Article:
With news about the risks of metal-on-metal hip replacement and resurfacing implants1 and the complications experienced by metal-on-metal hip implant patients,2 another question looms: How much does a defective metal-on-metal implant ultimately cost?
Base costs of hip replacement surgeries
When a person decides to have hip replacement and/or resurfacing surgery, the procedure is considered the treatment of last resort. The general costs of hip replacement surgery vary and could include fees for:
- Hospital or surgery center
- Rehabilitation/physical therapy
Student researchers found that a hip replacement procedure can cost a patient from about $11,100 to $125,798 for the initial procedure.3 Costs depend on a number of factors, such as the hospital and implants used. And, the most popular implants used in hip replacement and/or resurfacing surgery are metal-on-metal.
Other than medical considerations, metal-on-metal hip replacement patients are not instantly healed following surgery. There is a significant recovery time for those undergoing partial or total hip replacement. Six to eight weeks is the typical recovery time for total hip replacement surgery.4 During recovery time, doctors are monitoring for blood clots, infection and physical therapy progress.
Complications following surgery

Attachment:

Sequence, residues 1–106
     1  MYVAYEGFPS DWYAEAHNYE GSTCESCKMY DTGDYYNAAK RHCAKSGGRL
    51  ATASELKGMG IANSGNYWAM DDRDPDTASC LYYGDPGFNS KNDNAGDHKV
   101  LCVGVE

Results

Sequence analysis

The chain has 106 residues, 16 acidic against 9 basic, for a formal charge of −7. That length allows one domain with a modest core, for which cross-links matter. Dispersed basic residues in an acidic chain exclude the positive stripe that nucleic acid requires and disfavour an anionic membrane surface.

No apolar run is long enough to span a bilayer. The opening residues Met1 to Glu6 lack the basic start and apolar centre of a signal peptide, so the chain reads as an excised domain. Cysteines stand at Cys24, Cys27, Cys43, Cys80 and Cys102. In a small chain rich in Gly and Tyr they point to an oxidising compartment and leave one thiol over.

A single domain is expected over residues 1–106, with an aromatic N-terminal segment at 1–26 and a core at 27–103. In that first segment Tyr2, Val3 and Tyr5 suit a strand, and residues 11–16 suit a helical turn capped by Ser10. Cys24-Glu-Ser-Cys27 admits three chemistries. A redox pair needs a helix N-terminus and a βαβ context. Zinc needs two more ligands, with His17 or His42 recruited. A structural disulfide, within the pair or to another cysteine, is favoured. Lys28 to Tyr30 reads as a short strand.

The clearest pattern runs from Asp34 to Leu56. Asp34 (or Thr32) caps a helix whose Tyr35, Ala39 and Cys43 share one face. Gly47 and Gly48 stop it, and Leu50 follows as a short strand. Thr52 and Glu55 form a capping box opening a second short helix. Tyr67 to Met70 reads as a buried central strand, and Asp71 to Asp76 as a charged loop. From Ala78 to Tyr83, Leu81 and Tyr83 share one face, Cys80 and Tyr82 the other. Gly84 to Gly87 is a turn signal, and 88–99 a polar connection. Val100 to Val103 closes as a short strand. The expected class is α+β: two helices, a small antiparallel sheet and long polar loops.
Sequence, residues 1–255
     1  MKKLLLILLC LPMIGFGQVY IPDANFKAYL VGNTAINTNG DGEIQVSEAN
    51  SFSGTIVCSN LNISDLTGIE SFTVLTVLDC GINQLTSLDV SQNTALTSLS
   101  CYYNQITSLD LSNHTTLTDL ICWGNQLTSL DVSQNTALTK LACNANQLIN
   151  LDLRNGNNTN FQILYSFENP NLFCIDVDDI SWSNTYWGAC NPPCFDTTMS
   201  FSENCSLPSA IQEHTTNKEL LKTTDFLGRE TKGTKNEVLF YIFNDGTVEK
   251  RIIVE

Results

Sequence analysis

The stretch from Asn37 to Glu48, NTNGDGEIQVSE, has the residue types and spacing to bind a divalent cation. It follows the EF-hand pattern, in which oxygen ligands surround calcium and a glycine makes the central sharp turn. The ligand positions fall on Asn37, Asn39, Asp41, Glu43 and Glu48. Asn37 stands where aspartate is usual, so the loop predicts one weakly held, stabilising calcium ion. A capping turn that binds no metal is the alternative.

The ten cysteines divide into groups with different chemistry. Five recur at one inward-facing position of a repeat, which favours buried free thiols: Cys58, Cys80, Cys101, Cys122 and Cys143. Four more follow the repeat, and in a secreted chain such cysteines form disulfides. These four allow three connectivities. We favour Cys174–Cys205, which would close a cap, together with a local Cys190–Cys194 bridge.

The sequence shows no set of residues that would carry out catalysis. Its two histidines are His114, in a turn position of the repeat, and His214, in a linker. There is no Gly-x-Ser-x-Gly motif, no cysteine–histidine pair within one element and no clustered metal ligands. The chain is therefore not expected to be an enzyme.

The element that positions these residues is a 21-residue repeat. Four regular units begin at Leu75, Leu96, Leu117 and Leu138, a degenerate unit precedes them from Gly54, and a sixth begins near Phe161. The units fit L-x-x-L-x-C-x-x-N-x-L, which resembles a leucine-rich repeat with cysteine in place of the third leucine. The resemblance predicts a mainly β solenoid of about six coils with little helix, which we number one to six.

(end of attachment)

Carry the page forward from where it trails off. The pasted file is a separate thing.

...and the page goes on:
Following metal-on-metal hip replacement or resurfacing surgery, a patient may experience minor problems. Metal-on-metal hip implant failure is common, and in the case of Johnson & Johnson’s Depuy implant, failure rates may be as high as 40 percent. For those patients suffering from metal-on-metal hip implant failure, a number of serious side effects and complications from hip replacements are possible. 5,6
- Weight gain
- Heart problems
- Bone damage
- Bone loss
- Soft tissue damage
- Thyroid problems
- Auditory and/or visual impairments
- Neurological problems
- Cognitive Impairments
- More surgeries to correct problems
- Blood contamination (from metal particles)
- Kidney problems
- Neck discomfort
- Skin rashes
Some complications may be resolved over time or with medication, but in extreme cases, the defective implant will require hip replacement revision surgery. These various surgical interventions, which are not limited to hip replacement revision surgery, mean additional costs for the patient.
Litigation and verdicts
With nearly 11,000 lawsuits filed against Johnson & Johnson, there is another cost of defective hip implants — litigation. Courts across the nation must manage these cases with patients claiming a wide range of defective hip replacement implant related problems, including infections and revision surgery. Just this past March, Johnson & Johnson was ordered to pay $8.3 million in a single hip replacement implant product liability and personal injury matter.2
Over the past five years, five7,8 of the nearly 200 hip replacement implants have been recalled. Patients who decide to undergo hip replacement surgery have a right to safe and effective treatment. Metal-on-metal hip replacement and resurfacing implants are sometimes defective and failure rates can be high. Defective implants result in more than financial loss. Patients experience continuing medical complications and are at risk for more serious medical problems.
Those families affected by defective hip replacement implants should seek the help of an experienced product liability and/or personal injury lawyer.